Going to Cuba? Beware of popular swindles
Cuba’s underground commerce relies on tourist scams
Author: Hatzel Vela, Reporter, hvela@Local10.com
Andrea Torres, Local10.com Reporter, firstname.lastname@example.org
Published On: Nov 13 2015 07:36:48 PM EST Updated On: Nov 13 2015
09:11:21 PM EST
CAMAGUEY, Cuba –
William Navarro, 25, said he can spot a foreigner in Camaguey in a
second. He has been treating them as opportunities to make quick cash
for five years, he said.
Navarro is the version of a concierge with a covert financial interest.
If he manages to convince a tourist to stay at a specific home, he will
get a commission. Navarro said he doesn’t view his trickery as a crime
or as fraud. It’s not punishable by law, he said, so he stays friendly
and appears helpful — just waiting for that lost tourist.
Here is a list of scams used to target tourists in Cuba:
The “Casa Particular” scam
In following the tradition of the bed and breakfast, many families are
renting sections of their homes to foreigners. There are opportunists in
town who look for tourists in hope of earning a commission if they
decide to stay at a particular B&B. To do so, Navarro is one of many who
will pretend they are ready to guide or give directions.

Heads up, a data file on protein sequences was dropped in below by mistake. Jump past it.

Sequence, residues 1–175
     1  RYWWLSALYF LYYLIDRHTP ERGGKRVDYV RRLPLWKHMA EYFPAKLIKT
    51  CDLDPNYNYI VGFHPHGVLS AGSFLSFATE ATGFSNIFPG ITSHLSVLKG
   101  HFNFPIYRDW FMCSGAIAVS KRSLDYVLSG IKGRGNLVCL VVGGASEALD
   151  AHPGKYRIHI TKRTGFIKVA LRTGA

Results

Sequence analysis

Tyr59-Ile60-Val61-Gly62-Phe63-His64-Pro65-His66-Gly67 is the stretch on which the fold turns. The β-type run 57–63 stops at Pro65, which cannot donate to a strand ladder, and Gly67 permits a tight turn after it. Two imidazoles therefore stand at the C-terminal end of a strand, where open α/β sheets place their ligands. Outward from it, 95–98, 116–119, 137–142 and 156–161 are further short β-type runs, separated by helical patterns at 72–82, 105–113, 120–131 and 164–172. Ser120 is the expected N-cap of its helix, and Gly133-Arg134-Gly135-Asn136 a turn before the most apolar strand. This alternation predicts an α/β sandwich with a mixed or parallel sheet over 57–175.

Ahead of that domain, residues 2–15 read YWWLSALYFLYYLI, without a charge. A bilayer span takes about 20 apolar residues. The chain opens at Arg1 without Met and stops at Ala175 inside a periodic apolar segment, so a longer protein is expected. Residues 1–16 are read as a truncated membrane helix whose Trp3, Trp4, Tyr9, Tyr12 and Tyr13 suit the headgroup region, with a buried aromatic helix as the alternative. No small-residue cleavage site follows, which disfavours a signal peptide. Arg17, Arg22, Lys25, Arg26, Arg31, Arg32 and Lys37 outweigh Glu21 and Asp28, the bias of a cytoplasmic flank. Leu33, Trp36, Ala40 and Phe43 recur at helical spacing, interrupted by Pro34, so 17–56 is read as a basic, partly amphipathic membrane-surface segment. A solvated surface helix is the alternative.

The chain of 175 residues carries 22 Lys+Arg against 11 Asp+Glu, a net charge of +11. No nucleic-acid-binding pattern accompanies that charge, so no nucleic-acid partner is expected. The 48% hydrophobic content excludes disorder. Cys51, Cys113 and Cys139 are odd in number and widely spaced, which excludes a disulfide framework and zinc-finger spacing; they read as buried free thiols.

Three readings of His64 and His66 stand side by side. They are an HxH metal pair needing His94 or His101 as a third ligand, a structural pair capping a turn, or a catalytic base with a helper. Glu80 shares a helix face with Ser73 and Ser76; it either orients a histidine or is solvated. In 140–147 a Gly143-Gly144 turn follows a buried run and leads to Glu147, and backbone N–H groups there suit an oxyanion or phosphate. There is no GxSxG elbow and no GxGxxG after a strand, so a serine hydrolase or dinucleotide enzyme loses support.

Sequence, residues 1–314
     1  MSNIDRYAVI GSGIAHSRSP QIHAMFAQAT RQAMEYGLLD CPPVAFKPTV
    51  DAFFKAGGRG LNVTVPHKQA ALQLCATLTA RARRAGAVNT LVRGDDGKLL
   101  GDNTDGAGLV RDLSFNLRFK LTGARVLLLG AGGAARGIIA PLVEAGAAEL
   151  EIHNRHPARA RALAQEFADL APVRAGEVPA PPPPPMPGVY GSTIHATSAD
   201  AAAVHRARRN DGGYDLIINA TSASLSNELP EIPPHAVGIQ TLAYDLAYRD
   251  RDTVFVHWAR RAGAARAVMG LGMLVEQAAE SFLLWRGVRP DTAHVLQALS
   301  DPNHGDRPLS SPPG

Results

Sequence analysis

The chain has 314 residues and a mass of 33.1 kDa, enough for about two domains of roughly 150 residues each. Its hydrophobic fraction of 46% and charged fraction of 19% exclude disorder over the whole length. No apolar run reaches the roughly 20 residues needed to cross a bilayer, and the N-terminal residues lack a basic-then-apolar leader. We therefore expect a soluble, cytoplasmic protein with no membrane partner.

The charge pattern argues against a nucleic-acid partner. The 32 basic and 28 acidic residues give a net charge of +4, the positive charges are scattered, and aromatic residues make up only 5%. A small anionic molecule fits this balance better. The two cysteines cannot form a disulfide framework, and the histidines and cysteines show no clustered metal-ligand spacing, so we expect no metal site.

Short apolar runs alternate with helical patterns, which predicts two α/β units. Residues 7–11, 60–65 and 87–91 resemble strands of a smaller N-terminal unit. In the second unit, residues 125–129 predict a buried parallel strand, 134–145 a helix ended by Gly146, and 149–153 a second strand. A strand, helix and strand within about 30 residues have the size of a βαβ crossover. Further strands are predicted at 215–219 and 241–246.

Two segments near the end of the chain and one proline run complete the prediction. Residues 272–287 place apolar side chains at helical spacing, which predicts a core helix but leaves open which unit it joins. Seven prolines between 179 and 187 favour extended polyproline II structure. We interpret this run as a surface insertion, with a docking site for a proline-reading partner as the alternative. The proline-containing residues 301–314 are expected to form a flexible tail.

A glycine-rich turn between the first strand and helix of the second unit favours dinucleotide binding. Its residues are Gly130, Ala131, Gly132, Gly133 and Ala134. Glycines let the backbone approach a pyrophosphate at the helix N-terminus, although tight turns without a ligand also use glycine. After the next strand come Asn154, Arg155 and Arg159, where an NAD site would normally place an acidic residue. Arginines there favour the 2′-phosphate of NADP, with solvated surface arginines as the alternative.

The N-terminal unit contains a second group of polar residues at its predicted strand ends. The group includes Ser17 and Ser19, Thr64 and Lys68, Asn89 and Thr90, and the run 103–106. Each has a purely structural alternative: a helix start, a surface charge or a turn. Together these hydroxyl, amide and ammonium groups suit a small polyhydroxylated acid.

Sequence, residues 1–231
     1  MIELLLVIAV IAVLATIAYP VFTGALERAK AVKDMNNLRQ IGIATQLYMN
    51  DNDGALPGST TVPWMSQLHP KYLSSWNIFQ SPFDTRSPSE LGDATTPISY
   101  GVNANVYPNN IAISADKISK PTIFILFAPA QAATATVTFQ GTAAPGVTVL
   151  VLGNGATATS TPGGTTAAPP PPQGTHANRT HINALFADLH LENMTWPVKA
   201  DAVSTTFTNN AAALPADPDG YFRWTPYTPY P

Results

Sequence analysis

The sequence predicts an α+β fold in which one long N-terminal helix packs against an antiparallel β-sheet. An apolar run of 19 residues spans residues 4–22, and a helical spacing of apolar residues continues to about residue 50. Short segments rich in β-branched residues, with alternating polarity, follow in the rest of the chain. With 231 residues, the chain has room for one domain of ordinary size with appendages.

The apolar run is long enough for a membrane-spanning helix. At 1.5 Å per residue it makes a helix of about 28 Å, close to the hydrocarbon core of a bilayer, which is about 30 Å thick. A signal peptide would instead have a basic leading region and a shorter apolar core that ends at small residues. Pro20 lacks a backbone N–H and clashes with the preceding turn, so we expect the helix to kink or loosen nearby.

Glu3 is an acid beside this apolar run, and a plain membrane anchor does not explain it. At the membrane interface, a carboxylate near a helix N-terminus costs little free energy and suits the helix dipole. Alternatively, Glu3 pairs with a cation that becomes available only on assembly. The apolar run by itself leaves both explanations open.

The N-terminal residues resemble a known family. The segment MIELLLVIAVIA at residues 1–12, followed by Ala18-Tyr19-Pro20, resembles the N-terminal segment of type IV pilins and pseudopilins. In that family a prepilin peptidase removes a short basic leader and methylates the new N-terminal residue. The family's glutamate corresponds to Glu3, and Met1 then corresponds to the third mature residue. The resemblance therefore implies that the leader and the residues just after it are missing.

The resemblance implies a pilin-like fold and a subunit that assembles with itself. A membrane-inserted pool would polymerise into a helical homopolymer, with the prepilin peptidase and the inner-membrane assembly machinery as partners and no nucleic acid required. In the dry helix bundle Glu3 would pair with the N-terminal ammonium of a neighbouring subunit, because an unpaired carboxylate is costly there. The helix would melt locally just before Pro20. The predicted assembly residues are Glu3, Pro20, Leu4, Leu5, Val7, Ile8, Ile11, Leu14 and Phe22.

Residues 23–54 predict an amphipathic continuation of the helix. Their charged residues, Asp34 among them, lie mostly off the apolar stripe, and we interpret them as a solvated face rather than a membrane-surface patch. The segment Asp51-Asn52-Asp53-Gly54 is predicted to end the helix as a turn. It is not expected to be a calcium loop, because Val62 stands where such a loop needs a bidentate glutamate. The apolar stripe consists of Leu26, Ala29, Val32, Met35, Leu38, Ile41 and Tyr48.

Think before you gift
If someone at a store approaches you alleging they are in need of food,
think twice. It is not uncommon for someone to make a deal with a store
clerk. Once you have paid for what you think is powdered milk for a baby
and step away, they may split the money or exchange the goods. If you
want to help, you are better of doing your research and helping an
organization that helps the poor or a specific family.
The fake cigar
The romanticism of the Cuban cigar is often exploited on the streets.
There is a black market for counterfeit Cubans and this includes the
Cohiba Explendido, which can be easily faked and sold outside of the
Cuban cigar stores, where fraudsters look for tourists. Look for the
Cuban warranty seal, a hologram and a bar code.
The “take home” music scam
The container in front of performers asking for a contribution is on
every street corner that tourists frequent. Most recently, some
musicians have opted for also selling a $10 home-burnt CD. Don’t expect
to get good quality. And do expect an empty CD or a noisy unrelated beat
in some cases.
The Santeria divination scam
After reading your future, they will try to sell you overpriced tonics.
The real practice of the religion is traditionally secretive and having
access to a Babalawo, a Santeria priest certainly doesn’t happen through
a recruiter on the street.
Currency exchange scam
The socialist island has a dual currency system and remains mostly a
cash country. To avoid becoming a victim of this scam, recognize the
difference between the CUC and the CUP. Check your change when you are
out shopping. The Banco Central de Cuba posts daily currency exchange
rates on their website.
Source: Going to Cuba? Beware of popular swindles | Cuba Coast to Coast
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